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Should Your Child Take a Gap Year? (page 2)

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based on 13 ratings
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Updated on Apr 28, 2008

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A gap year should be a measured decision, not a procrastination technique. It should never be used to avoid taking the SAT or ACT on time, stall the need to fill out college applications, or jump into the Senior Slide early. If you have a high schooler under your roof who’s dreaming of taking a year off, keep him on track. Act as if he’s going to college as planned. Once he gains admission, he can call the college to request a deferment, which most admissions offices will gladly grant.

Create a plan B
The best way to start a gap year is with an admissions offer to your dream school in hand. But for students who didn’t get into their college of choice the first time around, a gap offers a second crack at it. Holly Bull, director of the Center for Interim Programs, the oldest gap year advisory service in the country, says that for students who’ve had less than stellar grades during senior year, a gap year offers a second chance to show solid performance, through an academic program abroad or some other curriculum-based program. Sometimes the gap year can make all the difference in getting an acceptance letter the second time around, Bull says. “It’s been known to happen. It’s certainly not a guarantee, not something you can bank on, but we’ve had some.”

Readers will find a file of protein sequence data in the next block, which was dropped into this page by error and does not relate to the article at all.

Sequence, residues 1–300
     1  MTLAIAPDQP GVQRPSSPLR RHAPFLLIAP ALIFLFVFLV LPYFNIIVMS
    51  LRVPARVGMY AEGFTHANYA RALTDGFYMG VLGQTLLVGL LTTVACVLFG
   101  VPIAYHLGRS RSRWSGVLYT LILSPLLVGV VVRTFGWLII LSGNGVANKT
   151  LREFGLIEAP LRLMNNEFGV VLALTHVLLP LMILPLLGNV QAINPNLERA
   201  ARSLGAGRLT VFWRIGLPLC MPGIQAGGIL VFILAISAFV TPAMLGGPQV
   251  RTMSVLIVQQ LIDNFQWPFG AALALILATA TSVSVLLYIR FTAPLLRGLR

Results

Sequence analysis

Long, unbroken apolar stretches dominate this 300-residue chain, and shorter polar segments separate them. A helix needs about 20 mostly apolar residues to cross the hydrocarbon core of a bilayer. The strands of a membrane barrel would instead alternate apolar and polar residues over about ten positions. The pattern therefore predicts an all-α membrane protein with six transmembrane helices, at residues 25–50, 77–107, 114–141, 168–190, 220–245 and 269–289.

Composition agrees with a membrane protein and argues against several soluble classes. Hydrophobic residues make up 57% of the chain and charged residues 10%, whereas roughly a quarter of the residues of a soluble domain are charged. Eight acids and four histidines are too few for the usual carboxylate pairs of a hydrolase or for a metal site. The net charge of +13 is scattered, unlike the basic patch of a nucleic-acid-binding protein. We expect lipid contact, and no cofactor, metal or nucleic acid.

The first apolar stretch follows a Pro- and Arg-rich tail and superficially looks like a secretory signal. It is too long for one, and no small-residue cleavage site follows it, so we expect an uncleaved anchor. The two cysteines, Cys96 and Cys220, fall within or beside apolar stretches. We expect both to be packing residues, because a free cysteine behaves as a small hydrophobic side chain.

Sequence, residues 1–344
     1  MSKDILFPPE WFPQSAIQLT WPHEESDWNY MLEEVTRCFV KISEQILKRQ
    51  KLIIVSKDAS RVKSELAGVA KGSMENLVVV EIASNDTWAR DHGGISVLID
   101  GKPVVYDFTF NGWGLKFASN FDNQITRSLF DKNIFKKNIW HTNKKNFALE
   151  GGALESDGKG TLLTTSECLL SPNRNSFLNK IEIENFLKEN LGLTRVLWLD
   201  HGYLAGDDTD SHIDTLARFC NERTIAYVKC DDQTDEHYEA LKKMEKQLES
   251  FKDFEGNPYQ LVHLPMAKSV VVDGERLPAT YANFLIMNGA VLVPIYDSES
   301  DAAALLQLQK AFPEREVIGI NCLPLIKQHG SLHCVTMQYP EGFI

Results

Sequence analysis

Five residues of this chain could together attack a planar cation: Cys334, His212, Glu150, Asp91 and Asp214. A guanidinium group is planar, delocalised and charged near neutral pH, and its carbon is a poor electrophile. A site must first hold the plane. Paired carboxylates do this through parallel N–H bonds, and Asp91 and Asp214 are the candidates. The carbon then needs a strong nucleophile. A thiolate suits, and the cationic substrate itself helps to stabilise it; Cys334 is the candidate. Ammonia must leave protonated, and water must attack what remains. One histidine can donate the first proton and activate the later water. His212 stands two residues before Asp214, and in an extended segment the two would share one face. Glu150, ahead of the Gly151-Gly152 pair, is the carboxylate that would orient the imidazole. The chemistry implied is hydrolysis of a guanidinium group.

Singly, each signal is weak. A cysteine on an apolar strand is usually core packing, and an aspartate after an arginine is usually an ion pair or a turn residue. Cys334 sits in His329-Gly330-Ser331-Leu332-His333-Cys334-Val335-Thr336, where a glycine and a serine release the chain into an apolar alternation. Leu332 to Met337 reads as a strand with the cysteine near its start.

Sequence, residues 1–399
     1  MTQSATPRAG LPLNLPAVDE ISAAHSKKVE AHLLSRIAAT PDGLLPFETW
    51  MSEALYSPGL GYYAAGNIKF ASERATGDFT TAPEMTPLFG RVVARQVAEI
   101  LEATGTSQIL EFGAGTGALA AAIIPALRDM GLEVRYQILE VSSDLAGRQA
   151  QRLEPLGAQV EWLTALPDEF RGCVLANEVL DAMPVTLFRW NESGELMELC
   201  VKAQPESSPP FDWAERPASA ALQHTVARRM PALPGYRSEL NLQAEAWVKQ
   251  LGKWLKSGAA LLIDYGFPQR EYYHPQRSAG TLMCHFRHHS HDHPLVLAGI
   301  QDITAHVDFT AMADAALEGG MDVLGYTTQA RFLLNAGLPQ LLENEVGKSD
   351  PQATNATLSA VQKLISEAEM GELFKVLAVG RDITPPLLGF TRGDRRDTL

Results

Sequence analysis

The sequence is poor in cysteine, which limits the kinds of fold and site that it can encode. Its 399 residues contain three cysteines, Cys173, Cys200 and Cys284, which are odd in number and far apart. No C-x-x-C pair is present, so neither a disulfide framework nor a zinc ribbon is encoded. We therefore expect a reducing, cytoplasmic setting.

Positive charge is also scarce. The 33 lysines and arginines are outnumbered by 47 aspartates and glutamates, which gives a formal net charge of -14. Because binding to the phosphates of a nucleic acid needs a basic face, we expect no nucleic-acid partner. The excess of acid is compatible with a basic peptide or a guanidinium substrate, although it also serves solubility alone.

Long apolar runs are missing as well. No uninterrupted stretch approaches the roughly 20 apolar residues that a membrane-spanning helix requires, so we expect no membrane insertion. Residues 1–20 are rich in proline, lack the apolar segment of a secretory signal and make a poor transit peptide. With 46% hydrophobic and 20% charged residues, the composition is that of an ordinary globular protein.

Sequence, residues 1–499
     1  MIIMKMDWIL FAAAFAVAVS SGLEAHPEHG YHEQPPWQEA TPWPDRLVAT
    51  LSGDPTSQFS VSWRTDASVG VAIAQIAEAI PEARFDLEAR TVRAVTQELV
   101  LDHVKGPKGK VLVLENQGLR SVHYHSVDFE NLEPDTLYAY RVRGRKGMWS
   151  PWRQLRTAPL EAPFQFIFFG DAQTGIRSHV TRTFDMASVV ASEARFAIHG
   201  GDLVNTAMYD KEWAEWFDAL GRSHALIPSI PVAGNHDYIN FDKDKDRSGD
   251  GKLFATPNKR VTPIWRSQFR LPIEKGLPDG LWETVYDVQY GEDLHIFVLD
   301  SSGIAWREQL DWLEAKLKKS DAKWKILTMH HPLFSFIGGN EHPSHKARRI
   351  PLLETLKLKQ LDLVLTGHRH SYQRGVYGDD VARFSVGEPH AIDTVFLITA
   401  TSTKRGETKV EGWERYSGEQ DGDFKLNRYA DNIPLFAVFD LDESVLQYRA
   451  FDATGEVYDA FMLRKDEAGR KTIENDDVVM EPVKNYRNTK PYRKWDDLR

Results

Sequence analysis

Put it in writing
The most successful gap years are full of unexpected surprises along the way. But in between all those surprises lives a lot of planning. This is a once-in-a-lifetime opportunity — a chance for your child to see the world and figure out their place in it. If they’re angling for independence, have them prove they deserve it by doing research and coming up with a course of action. From a budget to a schedule to the phone calls needed to land that dream internship, the planning phase is just as vital to the gap year, and just as much a learning experience, as the gap itself. It’s perfectly OK to deviate from the plan once the year begins, but starting without one is a recipe for disaster.

 

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